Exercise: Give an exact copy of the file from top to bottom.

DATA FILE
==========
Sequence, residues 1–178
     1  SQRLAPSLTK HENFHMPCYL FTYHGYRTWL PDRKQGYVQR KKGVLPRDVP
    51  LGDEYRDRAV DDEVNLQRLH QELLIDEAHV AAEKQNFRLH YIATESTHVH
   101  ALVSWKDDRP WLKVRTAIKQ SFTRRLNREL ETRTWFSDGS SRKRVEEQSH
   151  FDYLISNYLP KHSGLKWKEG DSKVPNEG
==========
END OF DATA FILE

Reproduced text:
Sequence, residues 1–178
     1  SQRLAPSLTK HENFHMPCYL FTYHGYRTWL PDRKQGYVQR KKGVLPRDVP
    51  LGDEYRDRAV DDEVNLQRLH QELLIDEAHV AAEKQNFRLH YIATESTHVH
   101  ALVSWKDDRP WLKVRTAIKQ SFTRRLNREL ETRTWFSDGS SRKRVEEQSH
   151  FDYLISNYLP KHSGLKWKEG DSKVPNEG